Market Access Director

Jenn

Director of Health Economics, Market Access and Reimbursement

It is a tough job trying to obtain access for innovative medicines in this country, and you have to want to keep fighting, always with the patient in your mind. Jenn

What do yo​​u do?

I lead the market access team of a major pharmaceutical company, and our mission is to achieve patient access to our innovative treatments. ​​​

What qualifications and experience do you h​​​ave?

I have a BSc in Biology/Biochemistry, an MBA in Finance, and a PostGrad in Pharmacoeconomics. I have worked as:

  • A university lab assistant in Vancouver, Canada 
  • A Health Economist in consulting in Sydney, Australia
  • A​ Regional Market Access Lead for a global pharmaceutical company based out of Singapore
  • A Senior Health Economist at the same company but based in Australia

and now as the Market Access Director at a pharmaceutical company in the UK. 

What does your typical day ​​​involve?

Catching up with internal colleagues, answering emails, visiting important external customers such as NICE or the Government, and drinking lots of coffee!

How has your career developed since y​​​ou entered the industry?

I have always been in the area of health economics and market access, with increasingly more senior roles. I started out at an analyst level, worked up to an associate, then to a full economist, a senior economist, then a regional market access role, head of department, and now director.

When did you decide on a career​​​ in the pharmaceutical industry?

When my uncle sadly died of AIDS in 1994, the year before the first reverse transcriptase drug came out that transformed AIDS from a death sentence to a chronic disease. I feel very proud of the fact that our industry had the power to do this.

Do you work mostly on your o​​​​wn or as part of team?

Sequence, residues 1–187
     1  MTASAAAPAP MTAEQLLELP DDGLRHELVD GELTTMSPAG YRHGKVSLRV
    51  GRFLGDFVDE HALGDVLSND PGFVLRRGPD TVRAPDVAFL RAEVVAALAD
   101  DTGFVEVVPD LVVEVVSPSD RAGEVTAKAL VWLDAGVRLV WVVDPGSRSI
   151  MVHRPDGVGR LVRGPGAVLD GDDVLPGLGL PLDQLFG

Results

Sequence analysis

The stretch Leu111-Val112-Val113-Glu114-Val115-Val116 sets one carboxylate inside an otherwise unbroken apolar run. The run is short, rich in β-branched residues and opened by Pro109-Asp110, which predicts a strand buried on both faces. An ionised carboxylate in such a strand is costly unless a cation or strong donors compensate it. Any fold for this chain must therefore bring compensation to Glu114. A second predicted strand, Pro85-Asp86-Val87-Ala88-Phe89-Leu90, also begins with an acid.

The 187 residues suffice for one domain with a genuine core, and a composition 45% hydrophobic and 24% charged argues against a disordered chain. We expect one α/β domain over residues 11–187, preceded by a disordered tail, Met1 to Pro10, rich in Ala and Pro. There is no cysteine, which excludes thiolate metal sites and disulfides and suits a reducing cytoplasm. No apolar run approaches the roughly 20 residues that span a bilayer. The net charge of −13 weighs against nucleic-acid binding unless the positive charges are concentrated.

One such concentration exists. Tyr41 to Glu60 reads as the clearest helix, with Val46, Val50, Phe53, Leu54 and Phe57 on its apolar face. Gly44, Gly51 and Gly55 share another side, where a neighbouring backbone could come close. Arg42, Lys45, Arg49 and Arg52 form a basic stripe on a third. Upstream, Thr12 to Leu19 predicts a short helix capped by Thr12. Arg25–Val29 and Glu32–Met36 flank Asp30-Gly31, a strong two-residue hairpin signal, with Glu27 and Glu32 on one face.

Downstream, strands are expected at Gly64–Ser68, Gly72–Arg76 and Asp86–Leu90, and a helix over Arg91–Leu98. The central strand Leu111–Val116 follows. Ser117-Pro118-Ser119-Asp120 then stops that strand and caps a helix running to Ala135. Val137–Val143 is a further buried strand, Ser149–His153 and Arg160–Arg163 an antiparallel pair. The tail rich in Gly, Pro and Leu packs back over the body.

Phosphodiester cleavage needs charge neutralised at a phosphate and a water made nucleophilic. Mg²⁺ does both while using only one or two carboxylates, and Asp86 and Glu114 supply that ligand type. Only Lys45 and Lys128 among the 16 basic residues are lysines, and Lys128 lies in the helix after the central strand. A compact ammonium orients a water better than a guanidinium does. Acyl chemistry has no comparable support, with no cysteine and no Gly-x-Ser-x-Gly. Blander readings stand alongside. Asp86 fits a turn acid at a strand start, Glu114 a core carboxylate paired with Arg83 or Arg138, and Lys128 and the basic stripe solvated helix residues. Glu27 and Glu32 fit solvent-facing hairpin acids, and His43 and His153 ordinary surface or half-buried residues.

Usually part of a team.

What is it like socia​​lly where you work?

Very collaborative and friendly.

What are you most proud of in your career?

Without a doubt, achieving NICE approval for our prostate cancer drug, abiraterone. I spent four years on this, and everyone thought it wasn’t possible.

Do you think additional qualifications or experience would be an advantage for someone entering the indust​​ry now?

Yes – if you want to be in health economics, you need a health economics degree – trust me, you will never be out of a job – this is an area of high demand!

What possibilities are th​​ere for your career in the future?

Not sure where the road will take me – but what I can say for sure is I believe strongly in this industry’s ability to make a difference to science and to patients, and so whatever I do next will most definitely be in health and science.

What do you think the mo​​​st important skills are for someone in your role?

Resilience, integrity and a strong scientific background – it is a tough job trying to obtain access for innovative medicines in this country, and you have to want to keep fighting, always with the patient in your mind.

What’s the biggest differe​​​nce between working in academia and the pharmaceutical industry?

The commercial pressures in the industry, I would say.

What one piece of advice would you give to someone seeking a career in the pharmaceutical industry​​​​​​​​? ​

Make sure that you have a love of science and the best interest of the patient at heart.​